Wednesday, November 11, 2015

To Be or I Am

 By Iola Goulton

One of the most famous Shakespearian quotes is ‘To be or not to be, that is the question’. It’s from Hamlet, which I’ve never read so don’t really know the context, but I know that line. And I guess most of you have heard it as well. I read it recently, as part of a blog post, and it struck me that the world spends a lot of time living in the TO BE.

We ask children, ‘what do you want TO BE when you grow up?’ We ask their parents what they want their children TO BE.

In job interviews, we’re asked ‘where do you want TO BE in five years?’

TV advertising tries to tell us to use their product in order TO BE richer, prettier, more handsome, more clever, more … the list goes on. We even hear it in church. We’re asked if we want TO BE a Christian, which shows TO BE isn’t always bad … except when we focus on it too much.

And it’s easy to focus too much on the TO BE. As writers, we’re forever being told what we ought TO BE doing. Writing, promotion, revising, building a platform, editing, social media, reading craft books, marketing, reading books in our genre, more marketing, reading marketing books, reading books outside our genre … Sound familiar?

In grammar terms, TO BE is future perfect tense. TO BE is always talking about the future, about becoming something different. It seems TO BE (ha!) that the purpose of TO BE is to motivate us to try harder, to achieve more. But this always wanting more, always seeking more, always striving for more … TO BE often leaves us overburdened, stressed, dissatisfied, and looking for some way to ease the strain.

As Christians, we know the answer is the One Way, Jesus.

Jesus is the I AM. He says:

I AM the bread of life. 
I AM the light of the world. 
I AM the good shepherd. 
I AM the way, the truth and the life.
I AM not of this world. I AM the resurrection and the life.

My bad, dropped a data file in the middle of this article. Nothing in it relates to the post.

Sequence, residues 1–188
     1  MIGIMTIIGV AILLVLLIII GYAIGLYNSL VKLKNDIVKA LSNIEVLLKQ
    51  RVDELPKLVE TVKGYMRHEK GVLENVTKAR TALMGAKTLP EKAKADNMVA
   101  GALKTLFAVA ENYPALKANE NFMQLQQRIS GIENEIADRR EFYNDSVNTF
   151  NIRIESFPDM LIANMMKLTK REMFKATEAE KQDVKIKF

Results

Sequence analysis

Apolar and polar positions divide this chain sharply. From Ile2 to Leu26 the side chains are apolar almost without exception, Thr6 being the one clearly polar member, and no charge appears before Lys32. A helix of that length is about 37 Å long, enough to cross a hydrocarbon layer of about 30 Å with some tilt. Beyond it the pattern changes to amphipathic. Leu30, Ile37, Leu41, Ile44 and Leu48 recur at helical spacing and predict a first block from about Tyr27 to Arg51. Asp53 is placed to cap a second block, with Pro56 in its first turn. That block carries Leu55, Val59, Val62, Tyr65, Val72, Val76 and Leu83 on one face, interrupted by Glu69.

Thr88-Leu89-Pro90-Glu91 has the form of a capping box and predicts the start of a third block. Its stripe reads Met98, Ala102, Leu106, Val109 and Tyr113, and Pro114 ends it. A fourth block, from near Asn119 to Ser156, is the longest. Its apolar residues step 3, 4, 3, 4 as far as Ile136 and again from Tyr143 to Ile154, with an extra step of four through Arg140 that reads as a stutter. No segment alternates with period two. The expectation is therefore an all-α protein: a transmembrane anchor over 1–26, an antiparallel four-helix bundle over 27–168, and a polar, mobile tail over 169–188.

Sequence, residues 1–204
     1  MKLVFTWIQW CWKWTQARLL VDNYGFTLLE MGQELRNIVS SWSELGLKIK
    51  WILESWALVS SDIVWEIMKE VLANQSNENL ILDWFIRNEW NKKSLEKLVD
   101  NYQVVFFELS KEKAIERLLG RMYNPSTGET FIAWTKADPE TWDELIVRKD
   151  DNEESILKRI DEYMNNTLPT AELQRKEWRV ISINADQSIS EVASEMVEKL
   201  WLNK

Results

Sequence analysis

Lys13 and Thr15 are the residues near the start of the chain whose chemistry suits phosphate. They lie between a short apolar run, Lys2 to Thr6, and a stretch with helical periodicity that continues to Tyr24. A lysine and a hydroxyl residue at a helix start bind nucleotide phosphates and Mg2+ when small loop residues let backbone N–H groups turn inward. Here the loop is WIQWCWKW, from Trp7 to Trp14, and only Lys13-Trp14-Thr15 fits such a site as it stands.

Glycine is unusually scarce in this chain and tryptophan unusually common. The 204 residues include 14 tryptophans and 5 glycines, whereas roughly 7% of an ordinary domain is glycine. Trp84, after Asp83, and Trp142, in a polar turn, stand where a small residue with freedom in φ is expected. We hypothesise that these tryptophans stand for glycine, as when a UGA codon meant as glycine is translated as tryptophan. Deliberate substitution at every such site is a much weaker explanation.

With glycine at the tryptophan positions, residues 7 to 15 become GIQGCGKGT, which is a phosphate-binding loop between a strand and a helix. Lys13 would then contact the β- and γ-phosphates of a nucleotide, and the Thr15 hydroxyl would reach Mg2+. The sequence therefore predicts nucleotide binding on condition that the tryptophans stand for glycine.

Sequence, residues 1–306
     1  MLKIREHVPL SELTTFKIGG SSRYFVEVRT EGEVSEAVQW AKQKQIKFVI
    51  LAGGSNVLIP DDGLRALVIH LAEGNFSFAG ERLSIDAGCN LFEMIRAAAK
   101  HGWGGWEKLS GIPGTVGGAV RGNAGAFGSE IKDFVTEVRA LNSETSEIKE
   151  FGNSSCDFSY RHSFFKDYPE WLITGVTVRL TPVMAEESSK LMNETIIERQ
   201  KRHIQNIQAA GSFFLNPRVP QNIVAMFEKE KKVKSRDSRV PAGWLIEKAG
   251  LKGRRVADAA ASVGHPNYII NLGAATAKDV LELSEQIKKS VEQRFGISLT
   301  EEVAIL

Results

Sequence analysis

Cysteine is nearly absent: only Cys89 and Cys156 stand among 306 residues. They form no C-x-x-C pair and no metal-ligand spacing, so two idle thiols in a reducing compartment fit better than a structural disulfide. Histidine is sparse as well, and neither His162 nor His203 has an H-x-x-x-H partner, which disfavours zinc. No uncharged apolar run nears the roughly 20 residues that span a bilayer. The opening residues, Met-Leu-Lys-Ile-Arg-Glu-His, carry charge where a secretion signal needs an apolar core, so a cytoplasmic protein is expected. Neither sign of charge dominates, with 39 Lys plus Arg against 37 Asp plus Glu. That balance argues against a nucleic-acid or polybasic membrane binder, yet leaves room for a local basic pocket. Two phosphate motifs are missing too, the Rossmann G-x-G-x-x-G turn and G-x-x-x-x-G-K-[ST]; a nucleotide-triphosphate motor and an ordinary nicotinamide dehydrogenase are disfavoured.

I AM the vine and you are the branches. 
I AM in the Father and my Father is in me.

I AM is different from TO BE.

I AM is present perfect tense. I AM is now. I AM is resting in God. I AM is a relationship with Jesus. I AM is knowing the Holy Spirit is always here. We don’t have to wait. Waiting is TO BE, not I AM. I AM isn’t reaching, striving, seeking, trying TO BE counted as good enough against a standard we don’t understand and can never reach.

We don’t have to do any of that, because Jesus did that on the cross. Our role is to accept that gift. I AM reminds us we need to wait—not TO BE but to quiet ourselves so we can hear the I AM and be reassured and restored in Jesus.

Our role is to rest in the I AM, to accept the gift of IAM, to seek God’s will today and be obedient to that. Not to worry about the TO BE of tomorrow—God has the TO BE of our future under control, and it will all work out according to His plan … as long as we can focus on the I AM of today.

I hope and pray this thought encourages you today.




IOLA GOULTON lives with her husband, two teenagers and cat in the sunny Bay of Plenty in New Zealand, between Hobbiton and the Kiwifruit Capital of the World. She holds a degree in marketing, has a background in human resource consulting and freelance editing, is active in her local church and plays in a brass band. 

Iola is a reader, reviewer and freelance editor who is currently writing her first novel, contemporary Christian romance with a Kiwi twist, and her first non-fiction book, which aims to help first-time authors navigate the changing world of Christian publishing.